Can AI be named as an inventor in Korea?
Managing IP is part of the Delinian Group, Delinian Limited, 4 Bouverie Street, London, EC4Y 8AX, Registered in England & Wales, Company number 00954730
Copyright © Delinian Limited and its affiliated companies 2024

Accessibility | Terms of Use | Privacy Policy | Modern Slavery Statement
Sponsored content

Can AI be named as an inventor in Korea?

Sponsored by

hanolip-400px.png
igor-omilaev-FHgWFzDDAOs-unsplash.jpg

Min Son of Hanol IP & Law addresses an increasingly important question through considering the DABUS case and a Korean Intellectual Property Office survey, as South Korea experiences ‘explosive growth’ in AI-related patent applications

Rapid advances in the field of AI are impacting almost every industry and business, as well as our daily lives. Undoubtedly, AI is a strong tool for innovation that enables us to create new inventions in various fields. In this respect, the issue of whether AI can be named as an inventor remains controversial, and many jurisdictions are yet to accept AI inventors.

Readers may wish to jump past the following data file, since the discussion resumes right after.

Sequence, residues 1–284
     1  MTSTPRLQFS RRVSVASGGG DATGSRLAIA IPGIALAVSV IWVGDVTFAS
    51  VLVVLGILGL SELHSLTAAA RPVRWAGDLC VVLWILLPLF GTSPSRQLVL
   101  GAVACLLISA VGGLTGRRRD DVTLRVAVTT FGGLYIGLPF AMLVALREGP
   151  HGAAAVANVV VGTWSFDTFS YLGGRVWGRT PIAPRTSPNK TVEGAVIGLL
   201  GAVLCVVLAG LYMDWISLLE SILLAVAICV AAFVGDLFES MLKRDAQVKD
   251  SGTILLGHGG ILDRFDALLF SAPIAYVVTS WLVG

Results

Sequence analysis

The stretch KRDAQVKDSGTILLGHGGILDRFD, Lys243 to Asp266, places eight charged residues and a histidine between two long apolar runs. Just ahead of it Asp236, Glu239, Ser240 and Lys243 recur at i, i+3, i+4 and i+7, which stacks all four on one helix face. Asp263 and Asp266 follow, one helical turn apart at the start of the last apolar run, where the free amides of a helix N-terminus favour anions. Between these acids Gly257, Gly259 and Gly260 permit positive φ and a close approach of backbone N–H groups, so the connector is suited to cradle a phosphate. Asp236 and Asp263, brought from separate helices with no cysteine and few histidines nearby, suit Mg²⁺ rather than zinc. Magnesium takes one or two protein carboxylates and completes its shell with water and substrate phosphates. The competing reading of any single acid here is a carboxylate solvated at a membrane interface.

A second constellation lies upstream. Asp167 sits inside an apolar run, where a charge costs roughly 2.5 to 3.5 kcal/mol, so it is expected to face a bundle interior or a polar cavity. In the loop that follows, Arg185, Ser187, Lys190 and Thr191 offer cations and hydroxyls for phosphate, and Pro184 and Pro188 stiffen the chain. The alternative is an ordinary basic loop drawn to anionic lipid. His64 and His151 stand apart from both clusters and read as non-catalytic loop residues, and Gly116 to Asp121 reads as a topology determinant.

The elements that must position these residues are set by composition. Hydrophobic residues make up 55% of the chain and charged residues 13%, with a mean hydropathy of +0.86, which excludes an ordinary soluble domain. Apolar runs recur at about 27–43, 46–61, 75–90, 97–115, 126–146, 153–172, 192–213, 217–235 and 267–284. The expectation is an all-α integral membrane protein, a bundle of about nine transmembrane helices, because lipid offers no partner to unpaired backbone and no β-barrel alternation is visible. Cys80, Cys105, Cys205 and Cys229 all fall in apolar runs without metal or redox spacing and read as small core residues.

Like other jurisdictions, a South Korean court has issued a decision holding that AI cannot be an inventor (2022GuHap89524, rendered on June 30 2023). As an interesting contribution to the subject, the Korean Intellectual Property Office (KIPO) recently announced the results of a public survey on AI inventors.

This article introduces the details of the Korean court’s view and the public survey results.

The DABUS AI case in Korea

The case at issue concerns a Korean national phase application based on a Patent Cooperation Treaty application filed by Dr. Stephen Thaler, the creator of AI called DABUS (Device for the Autonomous Bootstrapping of Unified Sentience), listing “DABUS, the invention was autonomously generated by an artificial intelligence” as the inventor.